Learning Curve


Once upon a not very long time ago, you bought a boat and you sailed it, or you bought a boat and, dragged someone off the quayside and got them to sail it for you. Once upon a little bit more time ago, you were pressed-ganged onto a boat, usually inebriated, and told to raise the main gallant top sail and then “Go find yer bunk, chump”.
Not any more: Years of sweaty hands, thumping hearts, stiffening inky fingers, and aching bums on wooden seats have passed since then as exam fever and fear has set in and been passed on down to the next set of eager ensigns.

The rules effecting the superyacht industry came around about thirty years ago. All new mandatory rules, regulations and training requirements are in response to improving health and safety onboard although at times it feels more like they’re devised to drag you under rather than keep you buoyant. So where will the training end? Will it end? Has it changed much? And what does the future look like?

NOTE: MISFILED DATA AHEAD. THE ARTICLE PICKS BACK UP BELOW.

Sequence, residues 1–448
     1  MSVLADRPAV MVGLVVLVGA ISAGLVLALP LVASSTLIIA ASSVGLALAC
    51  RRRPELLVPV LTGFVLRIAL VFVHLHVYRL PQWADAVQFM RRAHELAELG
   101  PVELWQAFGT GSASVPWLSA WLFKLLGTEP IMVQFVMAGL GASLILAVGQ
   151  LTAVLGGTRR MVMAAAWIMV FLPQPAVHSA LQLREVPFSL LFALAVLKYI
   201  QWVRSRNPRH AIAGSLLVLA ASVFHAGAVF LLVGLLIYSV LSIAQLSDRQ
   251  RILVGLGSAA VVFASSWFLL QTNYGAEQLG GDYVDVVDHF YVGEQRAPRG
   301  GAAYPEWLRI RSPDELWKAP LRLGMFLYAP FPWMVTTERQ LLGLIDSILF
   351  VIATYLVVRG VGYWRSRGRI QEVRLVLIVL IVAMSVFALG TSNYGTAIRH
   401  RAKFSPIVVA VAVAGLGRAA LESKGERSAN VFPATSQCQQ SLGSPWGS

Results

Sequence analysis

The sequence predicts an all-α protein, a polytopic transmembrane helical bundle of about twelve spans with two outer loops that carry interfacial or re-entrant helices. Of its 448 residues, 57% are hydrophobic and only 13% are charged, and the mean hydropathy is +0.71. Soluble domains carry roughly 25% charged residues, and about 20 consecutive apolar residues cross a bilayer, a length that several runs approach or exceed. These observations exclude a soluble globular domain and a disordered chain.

A former Naval Commander of Royal Navy training vessel, HMS Mentor, John Wyborn is Training Director at Bluewater Yachting. He co-founded the business back in 1991. He says, “When we started 27 years ago there wasn’t any training and since then things have changed massively.” Slowly the MCA increased the training requirements and the 1985 STCW Officer of the Watch and Master 500gt greatly extended them. More recently, the HELM (Human Element, Leadership and Management) is the greatest change. It was brought in as part of the Manila Amendments to the STCW Code (STCW 2010). “It’s a hugely popular course”, explains Wyborn, “These days, one of the most important issues is managing crew.”

Lars Lippuner, Head of Commercial Operations at Warsash School of Maritime Science and Engineering, part of Southampton Solent University, sees an increasing intensity and challenge in the required training for superyacht crew. The School offers over 180 maritime courses and has simulator suites and a lake for use during simulated training exercises such as slow speed ship handling.